Imbolc – Festival of Brighid

Brighid:  Beloved Goddess of Imbolc

The Goddess, Brighid

The Goddess, Brighid

Great Lady, Exalted One

King Maker, Bright Arrow

We call on you;

Brighid of the Eternal Flame

Brighid of the Sacred SpringsBrighi

Mistress of poets, healers & Smiths

We invite you to our circle;

Enter and give us your blessing

 

 

Brighid was a much loved and primary Goddess of the Celtic people.  She has been known by many names depending on where you were located and the time period you were in.  Her festival, Imbolc, is held each year on February 1st or 2nd and is seen as welcoming the first vestiges of Spring.  She is known by many names including Bright Arrow, The High One, The Bright One, Lady of the Sacred Flame & Healing Waters and Brighid of the Green Mantle.

She is a triple goddess and many pictures of her depict those aspects as the Goddess of Poetry (inspiration, learning, divination), Healing (medicine, herb crafts and midwifery) and Smithcraft.  These three aspects are all united by the element of fire and thus she is known as a fire goddess and is often pictured carrying a sacred cauldron.   Her story even predates Celtic times going back as far as 2000 to 3000 BCE.

 

In Celtic myths, she is one of the Tuatha de Danaan and daughter of Dagda, “Father of All” and “Lord of Great Knowledge”.  She was married to Bres and they had a son, Ruadan, who was killed by the Goldsmith, Govannon.  At the death of her son, she is said to have invented “keening”, which is the mournful cry of a bereaved Irish woman.  The Banshees who wail for the deaths of men are said to embody part of Brighid’s soul.

 

Legend has it she was born at dawn, that in-between time of night and morning, so beloved by the Celts, near the waters of a magic well.  She was said to have slipped into the world and the waiting hands of nine sisters who swayed and crooned in a great circle around her.  The water of the magic well bubbled its joy.  A column of fire rose out of her head to the sky.  It is said that she reached up with both hands and pulled some of the fire from her crown and dropped in onto the ground, where it formed a hearth for her house.  From out that hearth fire she pulled a flame and swallowed it, where it went straight to her heart.  Thus, she is pictured with fire at her head, heart, hands and feet.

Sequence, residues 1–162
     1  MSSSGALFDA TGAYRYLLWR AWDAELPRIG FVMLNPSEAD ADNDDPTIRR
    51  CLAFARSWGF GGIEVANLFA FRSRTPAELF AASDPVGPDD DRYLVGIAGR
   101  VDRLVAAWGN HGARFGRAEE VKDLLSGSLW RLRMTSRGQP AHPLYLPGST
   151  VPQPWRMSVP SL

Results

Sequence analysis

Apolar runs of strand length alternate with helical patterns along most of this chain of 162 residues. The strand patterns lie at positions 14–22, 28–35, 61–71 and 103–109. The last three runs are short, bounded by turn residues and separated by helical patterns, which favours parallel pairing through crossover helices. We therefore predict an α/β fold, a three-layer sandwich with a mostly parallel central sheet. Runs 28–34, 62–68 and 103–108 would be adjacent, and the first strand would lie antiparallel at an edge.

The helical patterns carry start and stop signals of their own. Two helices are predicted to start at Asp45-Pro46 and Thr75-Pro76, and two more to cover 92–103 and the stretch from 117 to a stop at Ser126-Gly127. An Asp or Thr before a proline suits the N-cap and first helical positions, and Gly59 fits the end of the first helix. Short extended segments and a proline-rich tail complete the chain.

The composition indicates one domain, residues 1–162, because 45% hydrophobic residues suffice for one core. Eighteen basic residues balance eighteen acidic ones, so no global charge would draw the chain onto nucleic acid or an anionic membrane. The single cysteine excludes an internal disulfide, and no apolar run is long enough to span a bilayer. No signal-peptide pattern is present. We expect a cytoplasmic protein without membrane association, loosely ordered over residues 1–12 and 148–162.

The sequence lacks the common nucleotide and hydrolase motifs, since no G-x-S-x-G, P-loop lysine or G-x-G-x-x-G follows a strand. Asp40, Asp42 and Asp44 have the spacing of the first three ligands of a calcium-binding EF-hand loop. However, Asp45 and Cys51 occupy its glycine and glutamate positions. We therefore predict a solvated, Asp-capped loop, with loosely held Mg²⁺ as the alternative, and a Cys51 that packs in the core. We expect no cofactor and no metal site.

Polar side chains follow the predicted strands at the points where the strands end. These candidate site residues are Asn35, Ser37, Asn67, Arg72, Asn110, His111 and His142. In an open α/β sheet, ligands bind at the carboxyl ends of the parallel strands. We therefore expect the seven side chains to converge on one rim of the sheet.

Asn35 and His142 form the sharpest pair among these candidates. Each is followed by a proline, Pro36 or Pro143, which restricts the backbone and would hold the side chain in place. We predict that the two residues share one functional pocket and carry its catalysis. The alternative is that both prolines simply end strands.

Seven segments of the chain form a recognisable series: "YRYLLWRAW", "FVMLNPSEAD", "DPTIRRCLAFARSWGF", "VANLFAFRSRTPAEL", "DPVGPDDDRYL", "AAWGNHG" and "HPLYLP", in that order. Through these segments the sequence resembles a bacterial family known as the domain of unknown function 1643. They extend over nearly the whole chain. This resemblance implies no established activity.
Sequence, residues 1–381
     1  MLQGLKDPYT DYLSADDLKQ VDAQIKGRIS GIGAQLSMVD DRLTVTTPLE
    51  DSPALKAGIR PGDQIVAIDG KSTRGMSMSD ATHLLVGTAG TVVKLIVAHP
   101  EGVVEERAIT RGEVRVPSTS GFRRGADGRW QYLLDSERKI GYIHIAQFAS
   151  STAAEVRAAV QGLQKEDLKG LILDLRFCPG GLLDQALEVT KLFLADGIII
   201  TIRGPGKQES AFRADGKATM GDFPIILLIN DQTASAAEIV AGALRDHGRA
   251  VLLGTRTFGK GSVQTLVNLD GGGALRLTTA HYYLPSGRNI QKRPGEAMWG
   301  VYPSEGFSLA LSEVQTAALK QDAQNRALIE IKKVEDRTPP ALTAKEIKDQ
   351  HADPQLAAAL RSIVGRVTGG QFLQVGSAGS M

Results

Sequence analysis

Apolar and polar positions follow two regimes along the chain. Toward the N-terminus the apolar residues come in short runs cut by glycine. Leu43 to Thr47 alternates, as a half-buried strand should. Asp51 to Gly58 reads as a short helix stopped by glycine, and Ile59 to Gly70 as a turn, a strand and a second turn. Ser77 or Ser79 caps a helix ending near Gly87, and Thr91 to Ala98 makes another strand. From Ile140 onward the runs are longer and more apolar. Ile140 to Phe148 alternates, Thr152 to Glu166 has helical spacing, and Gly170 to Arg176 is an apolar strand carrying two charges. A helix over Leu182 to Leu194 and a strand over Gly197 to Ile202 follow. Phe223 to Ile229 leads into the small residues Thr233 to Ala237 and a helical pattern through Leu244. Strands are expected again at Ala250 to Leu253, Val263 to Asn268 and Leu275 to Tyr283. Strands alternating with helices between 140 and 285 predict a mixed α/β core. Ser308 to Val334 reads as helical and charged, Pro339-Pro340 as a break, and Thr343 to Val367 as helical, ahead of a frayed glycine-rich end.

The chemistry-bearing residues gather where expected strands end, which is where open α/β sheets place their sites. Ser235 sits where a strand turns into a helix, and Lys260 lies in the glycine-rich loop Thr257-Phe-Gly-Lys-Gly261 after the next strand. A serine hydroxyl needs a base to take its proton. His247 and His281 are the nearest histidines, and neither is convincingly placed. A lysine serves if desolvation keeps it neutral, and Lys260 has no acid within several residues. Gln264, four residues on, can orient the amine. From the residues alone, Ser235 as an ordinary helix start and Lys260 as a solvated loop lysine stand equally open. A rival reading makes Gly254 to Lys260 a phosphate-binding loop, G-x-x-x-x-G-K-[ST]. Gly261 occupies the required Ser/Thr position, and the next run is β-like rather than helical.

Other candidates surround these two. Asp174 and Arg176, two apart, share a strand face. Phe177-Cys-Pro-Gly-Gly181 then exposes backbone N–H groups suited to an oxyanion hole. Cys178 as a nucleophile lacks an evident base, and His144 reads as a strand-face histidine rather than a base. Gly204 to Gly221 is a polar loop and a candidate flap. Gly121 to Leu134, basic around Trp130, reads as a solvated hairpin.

From the fire of her hands comes the craft of smithing.  From the fire of the hearth and water from her magic wells come her healing teas.  From the fire of her head come the gifts of inspiration, divination and poetry.  From the fire of her heart comes the gift of compassion.

 

When all of the medicinal plants of the earth were gathered into her house, Brighid would make healing teas with their leaves, flowers, barks and roots, along with the water from her magic wells.  Soon the people wanted her recipes but they couldn’t remember which plants to use for which tea; where to gather the plants and how long to steep them.  To assist her people, Brighid then invented the Ogham so that they could write down her recipes and the stories of her wisdom.

 

One story of her healing power was that of two men who were afflicted with terrible leprosy.  They came to Brighid seeking a cure for their disease.  Brighid told one of the men to bathe himself in her well and wherever the healing water touched him, he was healed.  Soon he was completely whole.

 

“Now, bathe your friend”, stated the Goddess.

 

The man looked at his friend and was so repulsed by the disease that he exclaimed,

“I cannot touch him”.

 

“Then you are not truly healed,” replied the Goddess.  So she gave the first man back his leprosy and healed the second man.  “Return to me with compassion,” she said to the first man.  “Therein you will find your healing.”

 

Her sacred number is 19 (the Celtic Great year…….the number of years it takes for the new moon to coincide with the Sun’s winter solstice) and there was an eternal sacred fire built in her shrine in Kildare, Ireland.  19 Priestesses tended the fire, in turn, through a 20 day rotation and on the 20th day of the cycle, it is said that the fire was tended by Brighid, herself.

 

So strong was the love of the Celtic people for their Goddess, that even when Christianity came to Ireland, her worship could not be snuffed out.  Since they could not stop her worship, she was made into a Christian saint and she was made the Patroness of poetry, healing and smithcraft.  She was said to have been baptized by St. Patrick himself, and then went on to become a nun and established a nunnery at Kildare, on the site of her former shrine.  In Brighid’s Abbey, the nuns continued the practice of watching the eternal flame.  This went on until in 1220, when Archbishop Henry of Dublin decreed that the flame was an affront to Christianity and a pagan atrocity and ordered it extinguished.  The flame has since been restored and is again loving tended in her honour.  Today, you can join a Brigitine Order of Flame Keepers to help keep this tradition alive.  You will find their website at www.ordbrighideach.org .

 

To learn more about this most beloved of Goddesses, you might wish to read:

 

The Storyteller’s Goddess by Carolyn McVickar Edwards

Magick of the Gods & Goddesses, by D. J. Conway

The New Book of Goddesses and Heroines, by Patricia Monaghan

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